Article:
By Alexander Golbin, MD
This story I have heard first from Dr. Vilen Garbusov, my professor of history in the medical school in Leningrad, now St. Petersburg. This professor was highly respected both by medical scientific and clinical community due to his encyclopedic knowledge. We had many chances to confirm his interesting stories. So, we trusted him on this one.
About hundred years ago, at the beginning of the last century during the turbulent World War 1 times people in the rural areas of Russia fearing of the upcoming end of the world were preoccupied with thousands superstitions.
Near the city of Harkov in Ukraine in a small town lived and worked a young family doctor with a cumbersome name Podyapolsky He was impressed by the strong believes among the local women that if a pregnant women has a dream that a mice or a rat ( who were abundant around at that time, and people got used to them) jumps on a foot of a pregnant women, she would have a baby with a pigmented and hairy area on the baby’s skin.
He was surprised to find out in this town an unusual amount of children with birthmarks similar to hairy nevus with a fancy scientific name “hamartoma” or “trichofolliculoma”, which is an exceptionally rare skin disorder.
Doctor Podyapolsky was an enthusiast of Pavlovian concept of the supreme role of the Central Nervous System over body functions; he studied neurophysiology which was on its peak in Russia at that time, and frequently used hypnosis as a very fashionable accepted treatment in the traditional medicine. The nature of hypnosis was considered as a partial artificial sleep with increased ability to accept external suggestions. He decided to perform an experiment to prove or disprove an idea that a strong believe (The Central Nervous System’s power!) could actually produce any changes in the body (peripheral organs) such as hairy nevus.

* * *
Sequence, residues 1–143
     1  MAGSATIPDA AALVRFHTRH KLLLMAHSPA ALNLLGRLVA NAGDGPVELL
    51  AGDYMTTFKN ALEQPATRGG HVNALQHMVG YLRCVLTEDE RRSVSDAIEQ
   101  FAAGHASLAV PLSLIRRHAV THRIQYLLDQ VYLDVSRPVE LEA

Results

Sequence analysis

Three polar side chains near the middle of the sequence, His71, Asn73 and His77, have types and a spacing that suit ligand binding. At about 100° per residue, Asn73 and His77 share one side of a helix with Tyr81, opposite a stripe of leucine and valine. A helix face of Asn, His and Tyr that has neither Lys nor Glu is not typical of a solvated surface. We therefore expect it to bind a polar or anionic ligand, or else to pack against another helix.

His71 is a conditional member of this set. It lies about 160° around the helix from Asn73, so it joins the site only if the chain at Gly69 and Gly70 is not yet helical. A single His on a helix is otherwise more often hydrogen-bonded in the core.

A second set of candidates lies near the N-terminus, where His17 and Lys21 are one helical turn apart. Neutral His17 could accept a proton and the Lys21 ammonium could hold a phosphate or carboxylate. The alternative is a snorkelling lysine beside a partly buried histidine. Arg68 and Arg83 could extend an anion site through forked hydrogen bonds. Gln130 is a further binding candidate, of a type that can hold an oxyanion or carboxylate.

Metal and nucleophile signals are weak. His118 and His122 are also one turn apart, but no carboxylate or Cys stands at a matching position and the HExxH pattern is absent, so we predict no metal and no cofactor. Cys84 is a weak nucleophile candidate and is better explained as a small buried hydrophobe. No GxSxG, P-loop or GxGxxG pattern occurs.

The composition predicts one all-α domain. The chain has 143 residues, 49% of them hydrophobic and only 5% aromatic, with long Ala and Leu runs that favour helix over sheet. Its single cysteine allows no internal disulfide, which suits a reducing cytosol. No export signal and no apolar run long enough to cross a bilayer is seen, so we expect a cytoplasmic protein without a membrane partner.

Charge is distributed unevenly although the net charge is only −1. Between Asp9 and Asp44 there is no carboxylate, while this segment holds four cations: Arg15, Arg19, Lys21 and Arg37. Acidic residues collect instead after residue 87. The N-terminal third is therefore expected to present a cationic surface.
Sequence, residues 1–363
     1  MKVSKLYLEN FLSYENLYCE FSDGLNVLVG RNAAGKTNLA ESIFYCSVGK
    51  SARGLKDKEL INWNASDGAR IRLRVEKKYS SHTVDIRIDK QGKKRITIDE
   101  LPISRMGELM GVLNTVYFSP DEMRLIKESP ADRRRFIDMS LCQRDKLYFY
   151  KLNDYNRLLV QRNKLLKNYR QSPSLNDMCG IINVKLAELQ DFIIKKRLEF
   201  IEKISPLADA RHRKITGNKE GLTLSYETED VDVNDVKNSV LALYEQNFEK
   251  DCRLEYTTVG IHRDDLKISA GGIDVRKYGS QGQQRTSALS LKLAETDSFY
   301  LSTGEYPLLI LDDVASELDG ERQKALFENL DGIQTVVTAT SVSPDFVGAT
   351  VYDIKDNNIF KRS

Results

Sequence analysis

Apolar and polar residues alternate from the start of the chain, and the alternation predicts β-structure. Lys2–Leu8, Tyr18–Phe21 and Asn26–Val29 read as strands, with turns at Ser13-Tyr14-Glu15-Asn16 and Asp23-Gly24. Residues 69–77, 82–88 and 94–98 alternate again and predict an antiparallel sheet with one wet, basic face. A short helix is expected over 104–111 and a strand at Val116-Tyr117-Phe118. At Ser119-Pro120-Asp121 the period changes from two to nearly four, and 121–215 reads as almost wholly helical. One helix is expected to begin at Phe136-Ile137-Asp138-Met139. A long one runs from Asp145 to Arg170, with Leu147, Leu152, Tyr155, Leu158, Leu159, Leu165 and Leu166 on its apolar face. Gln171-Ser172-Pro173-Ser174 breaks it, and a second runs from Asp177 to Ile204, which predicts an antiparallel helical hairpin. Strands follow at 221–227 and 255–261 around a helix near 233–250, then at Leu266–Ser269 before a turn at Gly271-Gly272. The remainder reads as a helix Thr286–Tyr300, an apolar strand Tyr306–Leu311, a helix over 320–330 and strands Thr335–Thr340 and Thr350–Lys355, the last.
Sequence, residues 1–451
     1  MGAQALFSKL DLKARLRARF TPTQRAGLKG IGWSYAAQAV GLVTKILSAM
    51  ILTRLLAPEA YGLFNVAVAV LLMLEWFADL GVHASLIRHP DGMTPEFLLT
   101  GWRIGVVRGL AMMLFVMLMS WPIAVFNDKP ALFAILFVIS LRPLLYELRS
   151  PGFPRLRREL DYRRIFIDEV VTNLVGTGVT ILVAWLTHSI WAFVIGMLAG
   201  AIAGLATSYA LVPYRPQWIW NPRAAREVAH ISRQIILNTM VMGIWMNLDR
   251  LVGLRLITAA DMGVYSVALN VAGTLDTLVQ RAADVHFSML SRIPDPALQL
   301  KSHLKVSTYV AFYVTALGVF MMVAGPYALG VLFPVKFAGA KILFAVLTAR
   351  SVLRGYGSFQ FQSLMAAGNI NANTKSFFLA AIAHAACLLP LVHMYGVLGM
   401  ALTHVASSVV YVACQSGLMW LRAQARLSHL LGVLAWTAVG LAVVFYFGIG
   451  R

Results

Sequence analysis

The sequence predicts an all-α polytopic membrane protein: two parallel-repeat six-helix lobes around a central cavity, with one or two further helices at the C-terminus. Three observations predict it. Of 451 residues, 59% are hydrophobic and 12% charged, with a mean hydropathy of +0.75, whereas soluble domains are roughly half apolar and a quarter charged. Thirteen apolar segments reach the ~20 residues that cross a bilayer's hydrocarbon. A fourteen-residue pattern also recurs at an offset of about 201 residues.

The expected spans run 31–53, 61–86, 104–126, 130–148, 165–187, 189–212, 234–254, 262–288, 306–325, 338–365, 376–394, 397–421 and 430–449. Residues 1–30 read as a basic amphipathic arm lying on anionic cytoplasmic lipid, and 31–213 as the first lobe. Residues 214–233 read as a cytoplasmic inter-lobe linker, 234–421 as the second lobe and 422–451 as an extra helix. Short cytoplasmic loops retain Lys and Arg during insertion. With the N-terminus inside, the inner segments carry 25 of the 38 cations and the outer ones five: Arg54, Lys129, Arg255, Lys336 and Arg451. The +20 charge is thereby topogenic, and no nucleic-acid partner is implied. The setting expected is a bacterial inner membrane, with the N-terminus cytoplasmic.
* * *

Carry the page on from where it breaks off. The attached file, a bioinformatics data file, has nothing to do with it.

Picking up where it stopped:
He organized several young women in a group for pre-delivery pain hypnotherapy, and, during sessions among other therapeutic suggestions he suggested the image of a rat jumping on their feet. To his credit he also emphasized that the pigmented spots on their babies skin will disappear within very soon after the birth (malpractice lawyers were not born yet at that time and doctors were respected the second after God).
Guess what? Believe it or not, but many women in his group delivered babies with a skin pigmentation which disappeared soon after the birth. Dr. Podyapolsky had used hypnotic suggestions to treat skin pigmentations and moles for other afflicted children with great success. He went to Harkov and presented his findings to a famous Russian psychophysiologist profesoor Platonov who published later a groundbreaking book: “The Word as the Healing Factor” which became a textbook for following generations of European doctors.
Professor Platonov supported young doctor’s work and suggested hypnotherapy to be a formally recognized treatment of skin disorders. Later on I was able to read “The Word as the Healing Factor” – Dr. Platonov’s book. Despite the fact that Platonov gave a full credit to Podyapolsky, official historians later on cited Platonov as the father of psychodermatology. History is not always fair thing. Platonov himself was also unfairly forgotten because he, together with Ilya Mechnikov, was one of the founders of a new very promising field – psychoimmunology – a scientific study of the effects of mind on immunological responses -.the hope for cancer patients.
As wise people say: “the key for the future are hidden in the history”